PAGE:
Assistive Technology

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About

Assistive Technology is any item, piece of equipment, product or system, whether acquired commercially, modified or customized, used to increase, maintain or improve functional capabilities of individuals with disabilities.

The four main categories of disabilities are visual, hearing, mobility and cognitive. A variety of assistive technology tools are available to assist individuals with disabilities.

How the end users access your websites, documents and media may include these technologies:

  • Audio Description-narration service (provided at no additional charge to the patron) that attempts to describe what the sighted person takes for granted -- accessibility of the visual images of theater, television, movies and other art forms for people who are blind
  • Input devices (keyboards, adaptive keyboards, on-screen keyboards, trackball, mouth stick)- any periphial piece of computer hardware equipment used to provide data and control signals to an information processing system such as a computer or other information appliance
  • Screen Readers-software programs that allow blind or visually impaired users to read the text displayed on the computer screen with a speech synthesizer
  • Screen Magnifier-software that interfaces with a computer's graphical output to present enlarged screen content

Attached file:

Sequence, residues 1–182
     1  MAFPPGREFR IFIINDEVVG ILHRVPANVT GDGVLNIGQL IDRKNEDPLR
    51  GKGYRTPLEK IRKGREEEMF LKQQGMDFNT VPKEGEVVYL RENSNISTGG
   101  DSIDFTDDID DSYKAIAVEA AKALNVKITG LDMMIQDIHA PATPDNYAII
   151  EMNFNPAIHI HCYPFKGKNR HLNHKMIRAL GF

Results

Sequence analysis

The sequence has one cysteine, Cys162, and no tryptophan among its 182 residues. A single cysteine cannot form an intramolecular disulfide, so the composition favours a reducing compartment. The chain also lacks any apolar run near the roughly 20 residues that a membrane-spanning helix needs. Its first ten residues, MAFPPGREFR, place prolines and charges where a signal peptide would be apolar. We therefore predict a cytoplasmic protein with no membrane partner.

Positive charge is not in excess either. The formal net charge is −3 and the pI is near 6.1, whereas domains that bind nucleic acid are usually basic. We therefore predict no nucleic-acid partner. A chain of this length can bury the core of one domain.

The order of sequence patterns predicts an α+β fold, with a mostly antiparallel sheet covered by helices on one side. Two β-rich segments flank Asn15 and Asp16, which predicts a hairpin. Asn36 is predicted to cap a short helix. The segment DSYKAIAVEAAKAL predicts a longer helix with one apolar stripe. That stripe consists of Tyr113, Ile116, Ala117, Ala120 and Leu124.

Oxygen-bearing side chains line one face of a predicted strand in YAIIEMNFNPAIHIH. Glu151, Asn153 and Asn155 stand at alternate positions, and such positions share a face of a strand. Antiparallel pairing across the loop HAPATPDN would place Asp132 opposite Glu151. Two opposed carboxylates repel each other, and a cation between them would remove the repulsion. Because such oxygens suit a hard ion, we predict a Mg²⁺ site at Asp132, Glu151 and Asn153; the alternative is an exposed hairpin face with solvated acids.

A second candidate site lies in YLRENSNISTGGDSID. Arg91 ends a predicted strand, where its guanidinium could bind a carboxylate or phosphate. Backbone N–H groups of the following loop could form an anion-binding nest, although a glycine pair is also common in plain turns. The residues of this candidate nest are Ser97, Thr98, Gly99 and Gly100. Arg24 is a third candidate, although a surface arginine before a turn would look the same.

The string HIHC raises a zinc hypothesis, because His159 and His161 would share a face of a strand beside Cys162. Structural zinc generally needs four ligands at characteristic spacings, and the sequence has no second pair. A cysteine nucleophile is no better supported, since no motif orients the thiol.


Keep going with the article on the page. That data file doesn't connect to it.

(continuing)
• Voice Recognition- software where the system translates spoken words into text
  • Word Prediction/Completion-a feature often provided by many web browsers, word processors, etc., which involves the prediction of a word or phrase the user wants to type in without the user actually typing it in completely

(See also Web Accessibility, Universal Design, Digital Content Accessibility)

Principles

Websites and web content designed with accessibility in mind are more functional and usable for all users.

  1. Screen readers rely on the markup structure of a document to enable navigation
  2. All audio content (video, recordings, etc.) is captioned
  3. All functionality of the content is operable through a keyboard interface
  4. Keyboard shortcuts to important links and form controls are provided

Techniques

Use headings to provide content structure
Use appropriate structure for lists and tables
Use CSS to style your document

Design for Screen Reader Compatibility

Use a Screen Reader to evaluate your website

Most common screen readers:

JAWS
Window-Eyes

NVDA

VoiceOver

Resources

WebAIM  Creating Semantic Structure

IBM Understanding Accessibility

Motor Disabilities Assistive Technologies

Better Web Browsing: Tips for Customizing Your Computer

Recommendations

Recommendations and suggestions from the AccessIT Community